Headquarters 6 Field Ambulance and other units covered the last 104 arduous miles in darkness. People were awake in the villages, thrusting their heads out of windows or standing in groups in doorways, watching the darkened trucks roaring through. Dawn found 6 Field Ambulance north of Macerata. The drivers had been on the alert all night, easing their vehicles around hairpin bends above deep valleys, and now they were faced with roads deep in dust that, whirled up by the earlier convoys, had settled thickly over a wide area on either side. In the deceptive, early-morning light, the road verges were difficult to see. To fresh men the conditions would have been extremely difficult; to tired drivers they were almost impossible. Consequently, it was not surprising that two vehicles drove off the road. The orderly-room truck came to a halt straddling the edge of a steep bank, but was towed back without much delay with the aid of a Sherman tank.

The unit passed through Iesi and followed Route 76 to the coast to join B Company, which had moved up from Civita Castellana to page 384 make preparations for a divisional rest camp near Case Bruciate, north of Ancona.

During the early days of September the Division remained near Iesi, awaiting its new role. Operating as ADS in the 6 Brigade area, A Company, 6 Field Ambulance, occupied a pleasant field, half grass-covered and half planted in well-grown tobacco, and bounded by fruit-laden grape vines. The weather was fine and extremely hot, and as the only work was the treatment of a trickle of sickness cases, parties of men were transported to the beach each day. The rest of the company sprawled in the bivvies or around the radio, scattered through the vineyards and houses, or strolled along the winding lanes and up the hill through the massive gateway of Iesi. It was an attractive town and the people were friendly enough, though some claimed that, having been liberated by the Italian Arditi, they owed the Allies nothing.

The 6 Field Ambulance rest camp was east on the coast and only a hundred yards or so from the sea. A double-line railway and the coast road, Route 16, ran between the camp and the beach. Every joint in the rails had been expertly blown apart by the Germans and the power-line pylons had been neatly toppled. The difference between the rest camp atmosphere and that of a normal MDS was most noticeable. There were no ambulance cars driving up to reception during the night, and no loaded stretchers being hoisted out by waiting stretcher-bearers. There were no soldiers wandering about with bandaged arms, faces and legs, or spotted with applications of gentian violet or brilliant green. Also, there was no smoking rubbish hole, evil-smelling with burning blood-soaked dressings and fragments of clothing. Instead there was a gathering of casual, healthy-looking men, and the neat row of 180-pound tents in which they were housed, with bivouac tents hugging the boundary hedges or backed up against trees for shade.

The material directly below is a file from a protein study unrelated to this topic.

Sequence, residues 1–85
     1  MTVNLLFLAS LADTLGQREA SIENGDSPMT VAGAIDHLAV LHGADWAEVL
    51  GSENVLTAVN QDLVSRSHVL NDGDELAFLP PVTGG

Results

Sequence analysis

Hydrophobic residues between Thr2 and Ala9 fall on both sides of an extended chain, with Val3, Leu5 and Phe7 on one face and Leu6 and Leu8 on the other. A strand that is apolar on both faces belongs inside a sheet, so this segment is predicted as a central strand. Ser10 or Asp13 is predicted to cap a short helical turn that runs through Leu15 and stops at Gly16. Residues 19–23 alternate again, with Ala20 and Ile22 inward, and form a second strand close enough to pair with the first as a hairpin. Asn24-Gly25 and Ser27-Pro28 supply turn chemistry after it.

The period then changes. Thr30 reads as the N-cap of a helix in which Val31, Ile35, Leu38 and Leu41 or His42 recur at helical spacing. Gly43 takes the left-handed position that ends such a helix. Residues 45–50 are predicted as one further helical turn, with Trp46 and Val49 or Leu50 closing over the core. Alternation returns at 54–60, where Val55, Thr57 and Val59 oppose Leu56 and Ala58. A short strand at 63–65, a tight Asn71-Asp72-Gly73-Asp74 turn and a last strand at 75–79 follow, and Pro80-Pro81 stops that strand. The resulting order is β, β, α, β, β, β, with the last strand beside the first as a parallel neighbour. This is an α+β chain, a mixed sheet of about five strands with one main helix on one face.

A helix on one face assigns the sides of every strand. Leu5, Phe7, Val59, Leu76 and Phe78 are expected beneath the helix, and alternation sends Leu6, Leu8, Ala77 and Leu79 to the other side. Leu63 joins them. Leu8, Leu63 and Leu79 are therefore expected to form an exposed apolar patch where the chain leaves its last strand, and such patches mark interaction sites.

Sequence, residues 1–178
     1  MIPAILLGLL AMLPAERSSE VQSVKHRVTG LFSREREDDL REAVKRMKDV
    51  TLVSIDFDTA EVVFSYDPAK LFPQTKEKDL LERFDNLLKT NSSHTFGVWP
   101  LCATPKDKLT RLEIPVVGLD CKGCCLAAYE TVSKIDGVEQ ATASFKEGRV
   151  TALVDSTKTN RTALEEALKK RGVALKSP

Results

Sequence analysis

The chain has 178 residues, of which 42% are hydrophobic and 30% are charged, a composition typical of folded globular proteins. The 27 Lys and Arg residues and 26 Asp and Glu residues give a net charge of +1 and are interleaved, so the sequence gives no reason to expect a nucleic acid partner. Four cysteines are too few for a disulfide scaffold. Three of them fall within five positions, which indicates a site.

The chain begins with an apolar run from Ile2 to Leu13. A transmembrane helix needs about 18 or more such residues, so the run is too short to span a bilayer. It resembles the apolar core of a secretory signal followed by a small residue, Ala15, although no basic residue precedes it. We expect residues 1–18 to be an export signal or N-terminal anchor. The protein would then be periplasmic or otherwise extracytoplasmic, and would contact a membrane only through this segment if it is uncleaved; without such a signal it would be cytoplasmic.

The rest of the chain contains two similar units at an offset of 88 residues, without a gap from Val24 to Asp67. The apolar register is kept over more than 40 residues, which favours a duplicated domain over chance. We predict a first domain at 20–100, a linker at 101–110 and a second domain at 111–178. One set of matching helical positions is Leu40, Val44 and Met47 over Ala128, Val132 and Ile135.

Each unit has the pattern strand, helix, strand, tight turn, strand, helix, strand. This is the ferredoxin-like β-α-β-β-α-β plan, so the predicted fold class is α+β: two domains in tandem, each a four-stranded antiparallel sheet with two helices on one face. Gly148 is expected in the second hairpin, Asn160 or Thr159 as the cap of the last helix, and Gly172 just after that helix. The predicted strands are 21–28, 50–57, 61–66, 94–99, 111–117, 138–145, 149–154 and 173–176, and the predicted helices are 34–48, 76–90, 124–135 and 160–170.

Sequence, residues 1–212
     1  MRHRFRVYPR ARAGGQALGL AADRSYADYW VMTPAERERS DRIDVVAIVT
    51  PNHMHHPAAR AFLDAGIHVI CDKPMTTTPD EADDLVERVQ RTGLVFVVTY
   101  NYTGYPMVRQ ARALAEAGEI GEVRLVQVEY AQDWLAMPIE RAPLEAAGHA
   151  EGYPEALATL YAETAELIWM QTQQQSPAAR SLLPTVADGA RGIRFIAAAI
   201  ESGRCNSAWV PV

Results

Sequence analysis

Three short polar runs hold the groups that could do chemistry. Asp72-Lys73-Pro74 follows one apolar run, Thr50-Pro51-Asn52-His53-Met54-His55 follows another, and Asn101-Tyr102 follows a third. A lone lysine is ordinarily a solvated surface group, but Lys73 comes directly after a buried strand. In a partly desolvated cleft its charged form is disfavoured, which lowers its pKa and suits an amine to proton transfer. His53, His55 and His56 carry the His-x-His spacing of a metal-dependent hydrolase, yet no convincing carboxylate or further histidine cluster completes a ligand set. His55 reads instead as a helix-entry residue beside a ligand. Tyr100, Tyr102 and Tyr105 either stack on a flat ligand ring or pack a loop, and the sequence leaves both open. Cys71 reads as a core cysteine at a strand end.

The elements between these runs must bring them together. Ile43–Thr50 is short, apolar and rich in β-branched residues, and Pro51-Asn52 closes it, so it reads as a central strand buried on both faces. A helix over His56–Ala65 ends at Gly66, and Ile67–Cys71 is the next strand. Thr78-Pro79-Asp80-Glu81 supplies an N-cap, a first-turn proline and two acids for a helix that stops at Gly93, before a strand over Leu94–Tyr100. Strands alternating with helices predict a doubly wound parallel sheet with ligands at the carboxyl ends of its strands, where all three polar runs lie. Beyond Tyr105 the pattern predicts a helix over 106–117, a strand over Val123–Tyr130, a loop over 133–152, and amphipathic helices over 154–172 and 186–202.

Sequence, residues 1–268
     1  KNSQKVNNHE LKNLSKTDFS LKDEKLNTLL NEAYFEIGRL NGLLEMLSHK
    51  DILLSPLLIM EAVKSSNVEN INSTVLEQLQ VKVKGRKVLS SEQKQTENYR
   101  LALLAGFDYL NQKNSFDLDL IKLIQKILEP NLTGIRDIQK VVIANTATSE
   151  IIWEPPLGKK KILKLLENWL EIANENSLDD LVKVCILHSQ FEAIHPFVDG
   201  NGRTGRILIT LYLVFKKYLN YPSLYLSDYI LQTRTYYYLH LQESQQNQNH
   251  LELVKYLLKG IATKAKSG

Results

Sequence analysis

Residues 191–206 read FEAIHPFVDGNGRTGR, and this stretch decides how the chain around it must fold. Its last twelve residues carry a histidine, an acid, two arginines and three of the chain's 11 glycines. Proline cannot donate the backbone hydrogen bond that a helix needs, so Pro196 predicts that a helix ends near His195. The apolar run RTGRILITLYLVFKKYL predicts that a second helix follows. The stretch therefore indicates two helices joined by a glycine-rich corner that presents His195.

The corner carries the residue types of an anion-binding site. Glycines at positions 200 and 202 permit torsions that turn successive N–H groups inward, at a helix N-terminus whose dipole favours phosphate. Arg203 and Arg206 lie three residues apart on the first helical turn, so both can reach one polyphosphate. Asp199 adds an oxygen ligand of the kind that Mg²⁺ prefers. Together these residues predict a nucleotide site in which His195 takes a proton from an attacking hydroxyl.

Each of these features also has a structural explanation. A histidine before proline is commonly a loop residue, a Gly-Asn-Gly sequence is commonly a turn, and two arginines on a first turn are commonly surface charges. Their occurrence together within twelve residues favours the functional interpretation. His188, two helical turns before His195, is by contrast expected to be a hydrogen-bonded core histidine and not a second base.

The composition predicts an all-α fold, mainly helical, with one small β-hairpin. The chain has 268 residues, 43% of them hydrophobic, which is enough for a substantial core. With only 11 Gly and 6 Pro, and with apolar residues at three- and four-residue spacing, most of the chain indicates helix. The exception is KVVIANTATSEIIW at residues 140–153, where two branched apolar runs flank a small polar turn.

Many times each day flights of fighters began their sorties by roaring low over the camp and beach; and occasionally a medium bomber jettisoned a stray bomb far out to sea, the splash and smoke vanishing before the report reached the shore. In the mornings the destroyers Loyal and Urchin steamed serenely past to throw the weight of their gunnery into the battle raging around Rimini. In the evenings the men, though themselves veterans of many page 385 thousands of miles of truck travel, sat along the banks at the roadside, smoking and lazily watching the stream of traffic passing up and down, or yarning with a party of South African engineers who were repairing the railway. With the assistance of the South Africans and their bulldozer, a football ground was levelled off nearby. It was smooth enough; but the freshly disturbed earth dried out in the sun and each game was played in a miniature dust-storm.